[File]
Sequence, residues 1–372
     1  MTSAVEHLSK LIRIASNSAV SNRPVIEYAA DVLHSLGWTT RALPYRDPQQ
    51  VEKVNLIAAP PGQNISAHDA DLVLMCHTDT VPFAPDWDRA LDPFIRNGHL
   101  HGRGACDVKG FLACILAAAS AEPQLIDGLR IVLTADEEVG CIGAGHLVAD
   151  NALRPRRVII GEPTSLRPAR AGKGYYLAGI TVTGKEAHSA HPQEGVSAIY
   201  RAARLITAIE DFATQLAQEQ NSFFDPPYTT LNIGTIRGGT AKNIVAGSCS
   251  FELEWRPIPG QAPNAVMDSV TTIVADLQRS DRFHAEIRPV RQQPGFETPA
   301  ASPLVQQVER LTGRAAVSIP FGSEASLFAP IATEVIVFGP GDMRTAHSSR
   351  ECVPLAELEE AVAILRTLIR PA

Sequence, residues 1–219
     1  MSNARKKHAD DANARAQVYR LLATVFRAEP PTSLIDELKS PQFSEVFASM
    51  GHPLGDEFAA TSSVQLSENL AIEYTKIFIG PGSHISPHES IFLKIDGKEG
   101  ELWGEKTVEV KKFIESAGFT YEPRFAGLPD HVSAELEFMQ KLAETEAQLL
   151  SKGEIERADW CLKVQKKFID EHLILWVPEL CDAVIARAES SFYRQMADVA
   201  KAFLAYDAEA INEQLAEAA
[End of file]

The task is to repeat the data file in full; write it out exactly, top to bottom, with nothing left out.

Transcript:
Sequence, residues 1–372
     1  MTSAVEHLSK LIRIASNSAV SNRPVIEYAA DVLHSLGWTT RALPYRDPQQ
    51  VEKVNLIAAP PGQNISAHDA DLVLMCHTDT VPFAPDWDRA LDPFIRNGHL
   101  HGRGACDVKG FLACILAAAS AEPQLIDGLR IVLTADEEVG CIGAGHLVAD
   151  NALRPRRVII GEPTSLRPAR AGKGYYLAGI TVTGKEAHSA HPQEGVSAIY
   201  RAARLITAIE DFATQLAQEQ NSFFDPPYTT LNIGTIRGGT AKNIVAGSCS
   251  FELEWRPIPG QAPNAVMDSV TTIVADLQRS DRFHAEIRPV RQQPGFETPA
   301  ASPLVQQVER LTGRAAVSIP FGSEASLFAP IATEVIVFGP GDMRTAHSSR
   351  ECVPLAELEE AVAILRTLIR PA

Sequence, residues 1–219
     1  MSNARKKHAD DANARAQVYR LLATVFRAEP PTSLIDELKS PQFSEVFASM
    51  GHPLGDEFAA TSSVQLSENL AIEYTKIFIG PGSHISPHES IFLKIDGKEG
   101  ELWGEKTVEV KKFIESAGFT YEPRFAGLPD HVSAELEFMQ KLAETEAQLL
   151  SKGEIERADW CLKVQKKFID EHLILWVPEL CDAVIARAES SFYRQMADVA
   201  KAFLAYDAEA INEQLAEAA